On 12 August, a car ploughed down pedestrians in the street where I used to buy my pecan pies. I had recently returned to London from Charlottesville, Virginia – the scene of what appears to have been an act of white supremacist terrorism – having worked and taught at the university there for four years. While I unpacked boxes of books, the streets I knew so well were full of hate and fire.

The horror began on the evening of Friday 11 August, when thugs with torches marched across the “Lawn”. Running through the heart of the university, this is where, each Halloween, children don ghoulish costumes and trick-or-treat delighted and generous fourth-year undergraduates.

But there were true monsters there that night. They took their stand on the steps of the neoclassical Rotunda – the site of graduation – to face down a congregation about to spill out of St Paul’s Episcopal opposite.

Then, on Saturday morning, a teeming mass of different groups gathered in Emancipation Park (formerly Lee Park), where my toddler ran through splash pads in the summer.

We knew it was coming. Some of the groups were at previous events in Charlottesville’s “summer of hate”. Ever since a permit was granted for the “Unite the Right” march, we feared that this would be a tipping point. I am unsure whether I should have been there, or whether I was wise to stay away.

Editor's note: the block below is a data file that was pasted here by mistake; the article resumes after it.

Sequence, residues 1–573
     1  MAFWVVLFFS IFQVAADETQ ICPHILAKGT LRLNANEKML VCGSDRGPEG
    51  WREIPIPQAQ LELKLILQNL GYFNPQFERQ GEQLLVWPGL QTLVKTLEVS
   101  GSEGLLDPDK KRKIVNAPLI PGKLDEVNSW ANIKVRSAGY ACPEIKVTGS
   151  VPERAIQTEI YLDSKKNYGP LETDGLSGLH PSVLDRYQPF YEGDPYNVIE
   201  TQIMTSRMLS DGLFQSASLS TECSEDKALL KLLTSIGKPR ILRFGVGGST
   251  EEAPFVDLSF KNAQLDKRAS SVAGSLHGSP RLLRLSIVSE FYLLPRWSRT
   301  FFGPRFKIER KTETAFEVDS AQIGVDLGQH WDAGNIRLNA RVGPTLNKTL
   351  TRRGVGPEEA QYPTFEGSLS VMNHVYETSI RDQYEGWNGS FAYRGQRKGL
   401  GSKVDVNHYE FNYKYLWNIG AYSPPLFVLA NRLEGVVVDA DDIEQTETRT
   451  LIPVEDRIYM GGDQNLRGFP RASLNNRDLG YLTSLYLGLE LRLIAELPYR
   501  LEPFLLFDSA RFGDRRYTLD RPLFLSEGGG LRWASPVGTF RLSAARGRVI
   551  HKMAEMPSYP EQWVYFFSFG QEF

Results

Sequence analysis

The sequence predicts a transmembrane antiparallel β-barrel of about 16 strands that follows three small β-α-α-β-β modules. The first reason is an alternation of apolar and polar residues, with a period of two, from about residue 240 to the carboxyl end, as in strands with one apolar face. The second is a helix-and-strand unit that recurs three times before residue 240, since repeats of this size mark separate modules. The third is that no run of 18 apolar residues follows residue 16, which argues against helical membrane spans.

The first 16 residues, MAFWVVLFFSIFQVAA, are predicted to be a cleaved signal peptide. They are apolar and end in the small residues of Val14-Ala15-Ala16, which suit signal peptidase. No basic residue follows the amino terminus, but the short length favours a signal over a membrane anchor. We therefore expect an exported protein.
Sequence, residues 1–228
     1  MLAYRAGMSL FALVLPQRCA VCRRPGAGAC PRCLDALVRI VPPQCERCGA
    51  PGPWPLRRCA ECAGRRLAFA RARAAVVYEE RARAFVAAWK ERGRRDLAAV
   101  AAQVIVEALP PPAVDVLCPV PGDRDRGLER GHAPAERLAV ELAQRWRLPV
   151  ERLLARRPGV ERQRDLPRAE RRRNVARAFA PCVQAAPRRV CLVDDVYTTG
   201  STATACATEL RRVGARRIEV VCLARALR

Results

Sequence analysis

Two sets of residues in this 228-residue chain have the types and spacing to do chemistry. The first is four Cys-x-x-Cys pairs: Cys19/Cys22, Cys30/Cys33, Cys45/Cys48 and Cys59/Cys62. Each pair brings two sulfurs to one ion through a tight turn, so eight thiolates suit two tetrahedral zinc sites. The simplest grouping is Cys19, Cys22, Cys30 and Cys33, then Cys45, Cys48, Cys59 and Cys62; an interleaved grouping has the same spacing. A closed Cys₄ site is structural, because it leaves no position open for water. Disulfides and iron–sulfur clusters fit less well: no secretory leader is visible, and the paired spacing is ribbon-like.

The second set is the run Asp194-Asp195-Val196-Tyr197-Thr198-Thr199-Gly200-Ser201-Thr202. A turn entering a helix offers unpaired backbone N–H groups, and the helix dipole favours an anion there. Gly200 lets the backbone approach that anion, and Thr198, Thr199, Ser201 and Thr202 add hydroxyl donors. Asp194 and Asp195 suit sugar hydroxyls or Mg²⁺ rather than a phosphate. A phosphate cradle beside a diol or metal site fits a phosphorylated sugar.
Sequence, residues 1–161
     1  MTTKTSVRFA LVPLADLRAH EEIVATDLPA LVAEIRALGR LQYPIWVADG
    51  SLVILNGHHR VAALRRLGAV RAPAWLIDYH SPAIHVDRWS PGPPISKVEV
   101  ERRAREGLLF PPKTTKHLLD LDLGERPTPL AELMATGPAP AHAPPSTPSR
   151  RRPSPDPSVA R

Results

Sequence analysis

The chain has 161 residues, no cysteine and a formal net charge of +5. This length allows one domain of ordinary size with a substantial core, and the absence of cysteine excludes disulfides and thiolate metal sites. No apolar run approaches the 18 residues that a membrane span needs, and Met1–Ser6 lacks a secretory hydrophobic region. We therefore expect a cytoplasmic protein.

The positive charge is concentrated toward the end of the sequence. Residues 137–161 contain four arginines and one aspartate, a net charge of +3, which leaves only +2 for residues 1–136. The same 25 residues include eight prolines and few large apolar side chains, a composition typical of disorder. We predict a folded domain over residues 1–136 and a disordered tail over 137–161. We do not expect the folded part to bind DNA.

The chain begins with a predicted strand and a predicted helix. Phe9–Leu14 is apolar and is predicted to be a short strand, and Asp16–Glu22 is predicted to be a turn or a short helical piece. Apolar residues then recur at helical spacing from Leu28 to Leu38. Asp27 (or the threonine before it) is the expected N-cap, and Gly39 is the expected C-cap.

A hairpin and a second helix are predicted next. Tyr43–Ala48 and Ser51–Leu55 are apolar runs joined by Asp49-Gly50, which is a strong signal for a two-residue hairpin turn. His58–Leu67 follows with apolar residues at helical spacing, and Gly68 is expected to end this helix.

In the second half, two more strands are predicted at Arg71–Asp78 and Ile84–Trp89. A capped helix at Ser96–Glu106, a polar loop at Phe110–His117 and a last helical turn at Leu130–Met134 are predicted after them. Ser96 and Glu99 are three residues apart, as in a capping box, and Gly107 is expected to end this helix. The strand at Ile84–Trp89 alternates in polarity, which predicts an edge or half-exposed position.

The truth is that this had nothing to do with Charlottesville – and everything to do with it. From one perspective, our small, sleepy university town near the Blue Ridge Mountains was the victim of a showdown between out-of-towners. The fighting was largely not between local neo-Nazis and African Americans, or their white neighbours, for that matter. It was between neo-Nazis from far afield – James Alex Fields, Jr, accused of being the driver of the lethal Dodge Challenger, was born in Kentucky and lives in Ohio – and outside groups such as “Antifa” (anti-fascist). It was a foreign culture that was foisted upon the city.

Charlottesville is to the American east coast what Berkeley is to the west: a bastion of liberalism and political correctness, supportive of the kind of social change that the alt-right despises. Just off camera in the national newsfeeds was a banner hung from the public  library at the entrance of Emancipation Park, reading: “Proud of diversity”.

I heard more snippets of information as events unfolded. The counter-protesters began the day by drawing on the strength of the black church. A 6am prayer meeting at our local church, First Baptist on Main (the only church in Charlottesville where all races worshipped together before the Civil War), set the tone for the non-violent opposition.

The preacher told the congregation: “We can’t hate these brothers. They have a twisted ideology and they are deeply mistaken in their claim to follow Christ, but they are still our brothers.” Then he introduced the hymns. “The resistance of black people to oppression has only been kept alive through music.”